Casablanca (US, 1942)

Doing the right thing

It’s over 25 years since I’ve seen this classic Classical Hollywood film and I revisited it spurred by my viewing of Curtiz. ‘Timeless classics’ is a meaningless phrase that seeks to legitimise bourgeois values through their supposed universality. However, the test of time is a good one as texts that are distinctly of their time can seem dated later. In addition, as we age are views change so movies that last seen years ago can be understood very differently despite the fact they haven’t changed at all. Casablanca still delivered for me as a marvellous mash-up of romanticism and idealism. It’s also striking that many countries, USA in particular, could do with a dose of anti-isolationism that the film delivers; currently it’s being reported that America is ‘hijacking’ medical supplies purchased by other countries for Covid-19.

Why is Casablanca so good? The script, by Julius and Philip Epstein and Howard Koch, is superb in its narrative economy and has some great lines. It has the odd clunker too: at least Ingrid Bergman has the decency to look away when she says, “Is that the sound of cannons or my heart beating?”. Curtiz’s direction is efficient (not meant to be faint praise); Arthur Edeson’s cinematography is sublime, particularly the glamourising of the leads; Herman Hupfeld’s ‘As Time Goes By’, superbly performed by Dooley Wilson, is perfect for the wistful emotions of displacement; the supporting cast is brilliant – apparently only three of the principals (Bogart, Wilson and Joy Page) were American. Character actors Sydney Greenstreet and Peter Lorre are, as ever, fabulous in the few scenes they get. In many ways it’s a typical Hollywood factory production, a melange of many talents (Claude Rains needs a nod too), notwithstanding the interference from the OWI noted in the Curtiz post. Mention also should be given to Conrad Veidt playing a role a long way from that of the somnambulist in The Cabinet of Dr CaligariIn Curtiz he’s shown telling the director of his pain at playing a Nazi and asking for the character to be shot. Whilst Veidt wasn’t Jewish, his wife was and Wikipedia tells me on filling in the Nazi’s ‘racial questionnaire’ he put ‘Jew’. In a close-up, we see him taking his Nazi cap off to reveal a skullcap underneath; an adroit way of showing his sympathies.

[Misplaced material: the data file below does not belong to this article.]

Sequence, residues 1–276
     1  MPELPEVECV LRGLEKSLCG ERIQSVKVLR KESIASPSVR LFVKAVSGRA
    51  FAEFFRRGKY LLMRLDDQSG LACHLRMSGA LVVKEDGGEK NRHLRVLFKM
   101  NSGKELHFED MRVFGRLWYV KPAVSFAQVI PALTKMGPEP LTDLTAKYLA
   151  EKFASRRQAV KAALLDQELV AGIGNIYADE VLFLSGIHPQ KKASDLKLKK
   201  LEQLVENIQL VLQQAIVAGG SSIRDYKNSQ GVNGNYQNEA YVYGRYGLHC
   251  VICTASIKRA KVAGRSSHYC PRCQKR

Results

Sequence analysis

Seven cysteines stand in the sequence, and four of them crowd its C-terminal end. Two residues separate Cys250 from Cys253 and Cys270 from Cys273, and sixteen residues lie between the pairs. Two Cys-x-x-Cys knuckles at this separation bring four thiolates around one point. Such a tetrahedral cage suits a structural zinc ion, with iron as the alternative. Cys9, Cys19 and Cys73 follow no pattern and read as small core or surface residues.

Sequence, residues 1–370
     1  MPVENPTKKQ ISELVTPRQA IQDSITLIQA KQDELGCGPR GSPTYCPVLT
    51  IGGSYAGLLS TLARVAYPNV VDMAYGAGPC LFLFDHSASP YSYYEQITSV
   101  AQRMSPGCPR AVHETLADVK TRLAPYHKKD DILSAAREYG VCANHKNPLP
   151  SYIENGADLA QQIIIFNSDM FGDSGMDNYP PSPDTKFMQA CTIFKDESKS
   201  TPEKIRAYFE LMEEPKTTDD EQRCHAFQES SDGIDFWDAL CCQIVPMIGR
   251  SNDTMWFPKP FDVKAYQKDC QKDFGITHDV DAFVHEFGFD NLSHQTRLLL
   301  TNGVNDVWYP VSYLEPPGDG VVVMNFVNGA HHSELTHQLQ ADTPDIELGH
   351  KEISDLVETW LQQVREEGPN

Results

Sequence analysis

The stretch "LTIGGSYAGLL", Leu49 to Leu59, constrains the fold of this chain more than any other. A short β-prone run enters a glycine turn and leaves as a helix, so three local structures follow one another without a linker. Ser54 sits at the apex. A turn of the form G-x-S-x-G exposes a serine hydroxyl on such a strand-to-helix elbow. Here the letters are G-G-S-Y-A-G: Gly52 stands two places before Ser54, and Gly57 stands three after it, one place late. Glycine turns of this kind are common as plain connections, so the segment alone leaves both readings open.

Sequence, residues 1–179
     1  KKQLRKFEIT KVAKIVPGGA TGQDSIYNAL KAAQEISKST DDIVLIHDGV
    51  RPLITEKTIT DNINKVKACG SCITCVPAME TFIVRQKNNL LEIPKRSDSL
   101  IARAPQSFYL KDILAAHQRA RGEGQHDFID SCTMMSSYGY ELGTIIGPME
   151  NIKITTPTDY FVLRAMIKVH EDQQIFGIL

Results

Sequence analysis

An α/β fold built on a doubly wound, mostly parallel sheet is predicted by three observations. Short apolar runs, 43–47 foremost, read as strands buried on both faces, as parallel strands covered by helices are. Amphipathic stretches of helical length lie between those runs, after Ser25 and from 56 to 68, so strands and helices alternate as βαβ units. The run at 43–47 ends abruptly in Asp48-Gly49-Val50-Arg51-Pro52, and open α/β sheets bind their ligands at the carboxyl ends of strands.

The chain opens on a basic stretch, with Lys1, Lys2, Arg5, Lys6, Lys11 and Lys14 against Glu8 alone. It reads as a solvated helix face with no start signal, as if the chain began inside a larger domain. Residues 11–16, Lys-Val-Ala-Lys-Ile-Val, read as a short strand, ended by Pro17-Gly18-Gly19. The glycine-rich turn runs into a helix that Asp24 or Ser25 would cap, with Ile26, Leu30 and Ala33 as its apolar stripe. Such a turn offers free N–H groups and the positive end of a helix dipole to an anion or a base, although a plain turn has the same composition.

I’ve saved Humphrey Bogart and Ingrid Bergman until last as they are probably key ingredients to the film’s greatness. Bogart’s casting as a romantic lead, in his 43rd year, was inspired as he was known as a ‘hard man’. Initially he came to fame as a gangster but had starred in the seminal film noir The Maltese Falcon the year before where, at least, he played the good guy. To see the tough guy with tears in his eyes is a striking representation of the painful emotions he feels that are still bottled up in his careworn, gravestone face. I recently saw Bergman in her last film for cinema Autumn Sonata (Höstsonaten , Sweden, 1978), directed by Ingmar Bergman, where she shows what a marvellous actor she was. Of course she’s good in Casablanca too but here it’s her dreamy appearance that is key, demonstrating why the men fall for her (sexist I know but that was – and is – the time).

Selfless sacrifice for the greater good is with us now during the Covid-19 pandemic. Casablanca is a film for our time.

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